Adam Serwer in The Atlantic, "Is Democracy Constitutional? In Moore v. Harper the Supreme Court will decide if anyone besides itself should be able to adjudicate American election law. Every American child in public school learns that the U.S. political system is one of checks and balances, in which the judicial, executive, and legislative branches constrain one another to ensure that no one branch of government exercises too much power. One pending case before the Supreme Court asks: What if they didn't? In Moore v. Harper, North Carolina Republicans are arguing that no other state body, including the state supreme court, has the power to restrict the legislature's ability to set voting rules—specifically ones allowing legislators to gerrymander the state, in defiance of a ruling by the state supreme court finding that their plan violated the state constitutional amendment guaranteeing the right to vote. This belief is based on a crank legal premise called the 'independent-state-legislature theory.' You'd think that the theory's recent vintage would make it anathema to self-identified originalists, but among most of the justices this philosophy is implemented with scarcely more rigor than one might put into scanning Wikipedia to win an argument with a stranger online. More disturbing, the popularity of the theory among conservative legal elites is further indication of their commitment to an idea of 'democracy' in which the Republican Party is simply not allowed to lose, and of their desire to alter the system to ensure that it cannot."
"Warren, Padilla Demand Buttigieg Crack Down on Airline Industry's 'Rampant Unfair Practices': It is well within the secretary of transportation's power to rein in airlines, the senators said. Calling on the Biden administration to use its authority to protect U.S. travelers from "rampant unfair practices" by commercial airliners, Sens. Elizabeth Warren and Alex Padilla wrote to Transportation Secretary Pete Buttigieg on Tuesday to condemn the exorbitant costs, frequent flight cancellations and delays, and lack of transparency in the industry."
It's Time for Public Pharma [...] CRUCIALLY, THE GROUNDWORK HAS ALREADY BEEN LAID in the nation's biggest state. In 2020, in a bill that came as a surprise to many, California passed SB 852, the California Affordable Drug Manufacturing Act, which empowered the state legally to create a public label for buying and selling drugs at cost, called CalRx. A second provision, which passed the state Senate in May and awaits passage in the Assembly, would direct millions more from the annual budget toward the production of a generic manufacturing plant in the state. Meanwhile, Gov. Newsom has pushed state lawmakers to put $100 million into developing CalRx and getting the state's manufacturing operation off the ground. Not surprisingly, the program is beginning with insulin, as roughly four million state residents suffer from diabetes, a quarter of whom cannot afford the insulin they rely on. Not for nothing, the California program is also backed by the highly organized diabetes rights groups in the state."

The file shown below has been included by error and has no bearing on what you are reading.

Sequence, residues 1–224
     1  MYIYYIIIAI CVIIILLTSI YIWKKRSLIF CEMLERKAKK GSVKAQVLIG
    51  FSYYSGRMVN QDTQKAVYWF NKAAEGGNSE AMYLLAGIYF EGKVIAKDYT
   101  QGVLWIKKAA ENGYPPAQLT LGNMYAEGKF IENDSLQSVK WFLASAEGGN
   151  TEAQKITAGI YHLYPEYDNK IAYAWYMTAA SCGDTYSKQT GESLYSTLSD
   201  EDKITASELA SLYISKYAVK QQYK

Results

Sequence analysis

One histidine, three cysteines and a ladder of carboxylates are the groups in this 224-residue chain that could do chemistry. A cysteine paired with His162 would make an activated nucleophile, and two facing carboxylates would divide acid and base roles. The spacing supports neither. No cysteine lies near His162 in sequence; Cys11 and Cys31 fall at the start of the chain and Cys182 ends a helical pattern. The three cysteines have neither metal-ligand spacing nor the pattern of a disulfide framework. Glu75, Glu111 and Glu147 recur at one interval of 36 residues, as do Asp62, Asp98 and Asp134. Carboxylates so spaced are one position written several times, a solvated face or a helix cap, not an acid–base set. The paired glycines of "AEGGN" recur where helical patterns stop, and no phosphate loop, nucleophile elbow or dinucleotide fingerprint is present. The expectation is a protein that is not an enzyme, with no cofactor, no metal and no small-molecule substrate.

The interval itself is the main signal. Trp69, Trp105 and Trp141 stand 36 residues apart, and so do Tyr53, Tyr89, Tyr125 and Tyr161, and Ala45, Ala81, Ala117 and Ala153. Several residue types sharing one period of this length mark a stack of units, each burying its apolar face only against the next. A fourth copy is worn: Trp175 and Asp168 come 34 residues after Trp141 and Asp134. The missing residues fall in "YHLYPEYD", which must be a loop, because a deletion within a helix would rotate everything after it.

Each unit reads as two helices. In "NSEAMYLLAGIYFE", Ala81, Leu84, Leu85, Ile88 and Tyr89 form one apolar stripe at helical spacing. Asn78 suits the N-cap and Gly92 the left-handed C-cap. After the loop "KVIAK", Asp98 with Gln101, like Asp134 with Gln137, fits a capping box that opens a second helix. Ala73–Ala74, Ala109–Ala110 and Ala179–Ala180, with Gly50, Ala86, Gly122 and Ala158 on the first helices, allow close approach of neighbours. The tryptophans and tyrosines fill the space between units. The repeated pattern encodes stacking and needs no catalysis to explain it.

David Dayen, "Cut Off Private Equity's Money Spigot: A variety of legislative and regulatory actions would make it hard for private equity to stay in business. That should be the goal. It is genuinely hard to find a more destructive economic force in America today than the private equity industry. It encompasses all of the negative trends that have undermined living standards for the broad mass of citizens since the Reagan era: the escalating share of national income going to finance, the rise of market concentration, the contempt for workers, the yawning gap between rich and poor. The biggest private equity firms buy up companies with borrowed money and load them with debt. While fund managers extract cash through fees and financial engineering, the companies struggle to pay off these new obligations on their balance sheet. The subsequent cost-cutting of jobs, wages, and pension plans can be seen as a direct transfer from labor to capital, with the financiers growing impossibly rich while everyone else suffers. The leveraged-buyout era has immiserated labor, dampened productive investment, and degraded the experience of workers, customers, and the larger economy. We should ameliorate this suffering by ending private equity as we know it."
"New Biden BA.5 'Plan' Openly Abandons Metrics for Preventing Infection, Butchers Mask and Ventilation Policy: [...] In this post, I'll skip over the vaccination and booster controversies, and focus on the Biden Administration's strategic goals, and also on masks and ventilation. I'm doing this for two reasons. First, I'm committed to policy of layered protection ('Swiss Cheese Model'), which I think would both subsume Biden's vax-first policy and be more effective in preventing airborne transmission, especially given that the operational definition of Biden's 'Preparedness Plan' has turned out to be 'Let 'Er Rip,' turning the United States into a global reservoir for SARS-CoV-2 infection. Second, I believe that the Biden Administration's guidance on both masking and ventilation is lethal, or to put matters more politely, won't save as many lives as it could. (The 'Fact Sheet' relies heavily on CDC content, so I'll have to stumble into that gruesome morass as well, for which I apologize in advance.)"